Earth's Missing Noble Gas Xenon May Not Be Lost After All

In this NASA handout, the umbra, or moon's shadow, passes over Earth during the total eclipse on August 21, 2017. New research suggests that xenon might be hiding inside the Earth. NASA via Getty Images

Xenon, one of Earth's rarest and most mysterious gases, has left scientists puzzled for decades. They've long thought that the Earth's atmosphere should contain more of the noble gas, but new research has shown that it might be here after all—it's just hiding far away from us.

In an effort to solve what scientists often call "the missing Xe paradox" a team of international researchers examined the theory that xenon is tucked away deep inside our planet's core. Previous findings have found that just like the other six noble gases—argon, helium, neon, krypton, radon and oganesson—xenon is unreactive, meaning it doesn't mix well with other compounds or elements. However, under certain circumstances, it may actually react.

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"When xenon is squashed by extreme pressures, its chemical properties are altered, allowing it to form compounds with other elements," Sergey Lobanov, study co-author and researcher at the Institute for Mineral Physics at Stony Brook University, said in a statement.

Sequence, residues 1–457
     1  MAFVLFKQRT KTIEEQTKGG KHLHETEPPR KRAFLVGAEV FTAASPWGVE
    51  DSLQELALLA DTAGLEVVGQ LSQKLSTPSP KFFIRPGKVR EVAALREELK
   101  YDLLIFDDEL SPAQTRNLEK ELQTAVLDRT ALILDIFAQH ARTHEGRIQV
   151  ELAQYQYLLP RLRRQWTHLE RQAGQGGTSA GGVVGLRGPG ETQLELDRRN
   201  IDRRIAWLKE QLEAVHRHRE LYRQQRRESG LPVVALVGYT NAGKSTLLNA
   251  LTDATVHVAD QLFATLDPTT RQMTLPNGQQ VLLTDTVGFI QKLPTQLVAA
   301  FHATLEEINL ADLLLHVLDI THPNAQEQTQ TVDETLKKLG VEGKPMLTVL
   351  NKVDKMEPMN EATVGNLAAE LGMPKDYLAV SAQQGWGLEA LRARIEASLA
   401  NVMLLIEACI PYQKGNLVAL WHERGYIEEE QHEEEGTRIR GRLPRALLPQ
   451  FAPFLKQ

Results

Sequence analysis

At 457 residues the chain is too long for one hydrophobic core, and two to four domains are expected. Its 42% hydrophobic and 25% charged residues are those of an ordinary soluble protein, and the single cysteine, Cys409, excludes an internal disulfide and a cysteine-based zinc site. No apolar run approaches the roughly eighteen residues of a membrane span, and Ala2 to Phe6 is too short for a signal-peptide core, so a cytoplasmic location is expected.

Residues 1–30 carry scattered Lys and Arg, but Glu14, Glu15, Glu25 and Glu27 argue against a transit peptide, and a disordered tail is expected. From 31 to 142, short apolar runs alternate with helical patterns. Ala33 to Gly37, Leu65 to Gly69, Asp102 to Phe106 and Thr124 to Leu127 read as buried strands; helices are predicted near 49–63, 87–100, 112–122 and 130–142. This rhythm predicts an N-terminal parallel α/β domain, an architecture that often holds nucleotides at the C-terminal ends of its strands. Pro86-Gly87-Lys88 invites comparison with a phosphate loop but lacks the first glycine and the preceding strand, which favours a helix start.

Lobanov and his colleagues tested their theory by using advanced technology to mimic the condition of Earth's core. They then successfully attempted to get xenon to react with the metals nickel and iron, both of which are abundant in Earth's center. Under extremely high temperatures and pressure, the elements reacted, according to the findings published in the journal Physical Review Letters.

"Our study provides the first experimental evidence of previously theorized compounds of iron and xenon existing under the conditions found in the Earth's core," Alexander Goncharov, study co-author and staff scientist at Carnegie Institution for Science, said in a statement.

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However, the same reaction likely wouldn't have been seen billions of years ago when the Earth was forming, Goncharov explains. Rather, as the planet's internal pressure and temperature increased over the years, new compounds were able to be made.

There are still many questions to be answered. The team is now investigating whether a two-part formation process played a role in trapping xenon when the Earth first formed and then once conditions were altered, later allowed xenon reactions to occur.

"There are many more systems and paradoxes to resolve," Elissaios Stavrou, study co-author and Lawrence Livermore National Laboratory physicist, said in a statement. "We look forward to writing new chapters about extreme physicochemical phenomena."